Having dipped our toes in the Eastern Andaman Sea it was time to go west to party central Patong and to sample the luxe life as only a Banyan Tree resort can deliver it.
What a treat. This beautiful, 112-foot long, 23 feet wide, two-masted teak vessel provided the ultimate in comfort, attractiveness and hospitality. Managing Director John Bethell (a real foodie!), his associates and crew entertained and coddled us throughout.
Hearing how they cruise the waters of Burma and India as well as those of Thailand, can have a masseuse on board and have chefs for Thai, fusion and Western-style cuisine made me want to gather a group to fill the six tasteful staterooms, each with bath. Dibs on one of the VIP suites. They can accommodate as many as 50 for a day cruise with gourmet meal.
The very loud firecrackers set off over the bow by the crew did their job. Ours was an auspicious and totally pleasant journey.
The sea was as beautiful but the scenery was not as dramatic as what we had already seen. We anchored off Patong Beach for lunch and felt far luckier than the passengers on our much larger neighbor, Cunard's Queen Victoria.
NOTE: Go to my other blog, Food Afar - Recipes from a Travel Writer - and check the April archive to see what we ate and how you can cook it at home.
Tip: Transfers from land to boat are fairly easy, but find out how exactly they will be handled before booking. No problem at all from a marina; the walk out to the boat can be long but at least you know it is going to be flat. The transfer to the Six Senses boat was a cinch but getting from boat to the island resort's pier was a bit dicey. We padded through the sand to a zodiac then climbed up a very short ladder with lots of help to get to the Siam Junk. Getting from junk to zodiac was easy as was getting off at Patong Harbor.
Landing in Patong was going from the sublime to the ridiculous. The beach was filled with bikini-clad bodies, a few of which were designed for skimpy swimwear.
The sidewalks were filled with sarong-wearing recent beach goers who shared streets and sidewalks with motor bikers joy riding or hell-bent to get wherever faster.
Offerings were titillating.
Come sleep with us - racy apartments personally staffed.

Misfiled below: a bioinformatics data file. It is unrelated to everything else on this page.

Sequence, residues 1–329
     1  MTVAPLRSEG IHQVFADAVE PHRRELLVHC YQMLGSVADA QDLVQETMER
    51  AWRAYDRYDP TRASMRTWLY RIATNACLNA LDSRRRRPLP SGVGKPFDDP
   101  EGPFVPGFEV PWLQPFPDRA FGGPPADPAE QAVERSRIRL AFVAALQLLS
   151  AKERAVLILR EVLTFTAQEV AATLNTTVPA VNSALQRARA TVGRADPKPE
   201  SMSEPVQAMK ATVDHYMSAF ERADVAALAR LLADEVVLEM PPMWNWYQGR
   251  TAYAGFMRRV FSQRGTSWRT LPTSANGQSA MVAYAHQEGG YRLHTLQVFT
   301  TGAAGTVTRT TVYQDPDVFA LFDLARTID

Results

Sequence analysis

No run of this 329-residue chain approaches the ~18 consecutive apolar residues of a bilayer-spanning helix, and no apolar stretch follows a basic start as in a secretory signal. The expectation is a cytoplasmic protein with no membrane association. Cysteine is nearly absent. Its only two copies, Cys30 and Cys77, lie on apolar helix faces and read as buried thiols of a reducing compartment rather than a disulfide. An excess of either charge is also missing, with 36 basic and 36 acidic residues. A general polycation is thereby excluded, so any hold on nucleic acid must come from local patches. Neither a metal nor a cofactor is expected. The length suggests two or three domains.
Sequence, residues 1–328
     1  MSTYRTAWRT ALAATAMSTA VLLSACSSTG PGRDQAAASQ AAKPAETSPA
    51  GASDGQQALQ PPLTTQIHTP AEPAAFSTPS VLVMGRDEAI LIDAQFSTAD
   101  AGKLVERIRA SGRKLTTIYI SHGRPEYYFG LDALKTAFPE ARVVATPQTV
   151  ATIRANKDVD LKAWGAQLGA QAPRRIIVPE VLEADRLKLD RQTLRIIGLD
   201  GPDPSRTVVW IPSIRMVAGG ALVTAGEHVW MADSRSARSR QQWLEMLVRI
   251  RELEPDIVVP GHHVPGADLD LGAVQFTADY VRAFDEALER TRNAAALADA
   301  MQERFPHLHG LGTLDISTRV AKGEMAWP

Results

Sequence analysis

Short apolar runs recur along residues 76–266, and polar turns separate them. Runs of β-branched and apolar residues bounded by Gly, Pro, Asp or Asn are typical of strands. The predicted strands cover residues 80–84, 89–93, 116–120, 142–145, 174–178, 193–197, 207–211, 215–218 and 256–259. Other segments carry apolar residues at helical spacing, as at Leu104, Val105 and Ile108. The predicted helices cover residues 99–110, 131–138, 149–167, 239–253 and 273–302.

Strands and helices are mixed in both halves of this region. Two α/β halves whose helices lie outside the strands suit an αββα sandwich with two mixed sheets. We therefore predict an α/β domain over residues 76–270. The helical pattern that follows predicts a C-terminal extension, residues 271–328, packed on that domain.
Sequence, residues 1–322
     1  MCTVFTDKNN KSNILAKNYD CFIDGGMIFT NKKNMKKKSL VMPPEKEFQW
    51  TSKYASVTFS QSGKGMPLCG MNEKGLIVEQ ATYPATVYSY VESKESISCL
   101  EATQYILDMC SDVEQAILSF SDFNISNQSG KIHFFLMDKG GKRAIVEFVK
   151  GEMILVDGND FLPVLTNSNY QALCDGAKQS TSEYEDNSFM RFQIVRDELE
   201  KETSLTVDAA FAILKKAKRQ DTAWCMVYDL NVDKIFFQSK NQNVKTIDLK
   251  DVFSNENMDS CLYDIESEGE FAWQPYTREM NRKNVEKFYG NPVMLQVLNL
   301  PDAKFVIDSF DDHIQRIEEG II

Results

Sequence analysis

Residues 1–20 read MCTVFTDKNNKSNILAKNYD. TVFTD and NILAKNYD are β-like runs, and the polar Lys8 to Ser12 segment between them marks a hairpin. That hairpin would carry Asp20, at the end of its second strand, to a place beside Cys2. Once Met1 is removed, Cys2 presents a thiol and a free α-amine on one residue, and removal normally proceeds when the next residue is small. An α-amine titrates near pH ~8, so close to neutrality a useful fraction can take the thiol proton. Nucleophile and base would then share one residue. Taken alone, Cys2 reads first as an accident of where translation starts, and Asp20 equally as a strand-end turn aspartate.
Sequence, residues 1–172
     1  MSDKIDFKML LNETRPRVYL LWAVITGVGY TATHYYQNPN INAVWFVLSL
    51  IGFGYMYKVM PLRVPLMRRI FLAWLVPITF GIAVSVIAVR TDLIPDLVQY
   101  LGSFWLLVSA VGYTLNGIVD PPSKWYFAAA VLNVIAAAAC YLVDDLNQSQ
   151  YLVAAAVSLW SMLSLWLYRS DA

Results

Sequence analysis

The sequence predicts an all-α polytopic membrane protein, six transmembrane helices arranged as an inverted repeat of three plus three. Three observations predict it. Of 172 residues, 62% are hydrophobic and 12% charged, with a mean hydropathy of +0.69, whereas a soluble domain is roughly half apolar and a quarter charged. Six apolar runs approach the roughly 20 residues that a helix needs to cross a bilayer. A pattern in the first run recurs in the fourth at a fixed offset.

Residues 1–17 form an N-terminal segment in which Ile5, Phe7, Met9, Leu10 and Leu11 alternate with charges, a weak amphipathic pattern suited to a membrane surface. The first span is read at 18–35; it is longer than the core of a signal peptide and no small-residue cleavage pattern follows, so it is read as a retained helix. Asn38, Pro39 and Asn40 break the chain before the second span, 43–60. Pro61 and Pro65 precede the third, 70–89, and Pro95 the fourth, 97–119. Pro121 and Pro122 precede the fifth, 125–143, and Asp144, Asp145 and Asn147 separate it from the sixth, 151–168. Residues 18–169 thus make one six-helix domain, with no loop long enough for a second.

Laundry and massages.
FBI, Finest Bar in Thailand.
From custom tailoring to a companion of the moment or x-rated apparel, it was yours for the asking and paying.
Two spots here Westerners will find appealing. Joe's Downstairs overlooks a rocky promontory, serves excellent drinks and is a great place to watch the sun go down.
Right next door, Baan Rim Pa, one of Thailand's most celebrated restaurants, features dishes only found in the country's Grand Palace. Staffers have raised vegetable and fruit carving to a fine art.
Warning: With Joe's to the left and Baan Rim Pa, the two make for a lovely evening but you will have to negotiate flights of stairs.
We returned to the sublime with an all too brief stay at Banyan Tree Phuket in their divine, luxuriously appointed pool villas.
Warning: Some of these villas feature beds that are on a raised platform but at floor level. This can be a problem or a giggle depending on your attitude and physical dexterity. However, the resort is on flat terrain and you rarely encounter more than four steps up or down between buildings. Golf carts ferry you from one destination to another within the complex and villas come with bikes.
Banyan Tree is at the northern, most private end of what is billed as Asia's first integrated resort, Laguna Phuket, with five hotels sharing an 18-hole golf course, corporate training facility and an idyllic stretch of white sand beach. All were appealing but the Tree was the most elegant.
Do NOT miss the spa. You will have to dig deeper into your pockets for a massage here, but do it. The massage rooms are the most beautiful I have ever seen.
Not that you'll have your eyes open once you hit the table.
And with that, I had to leave Thailand for the long, l-o-o-n-g haul home.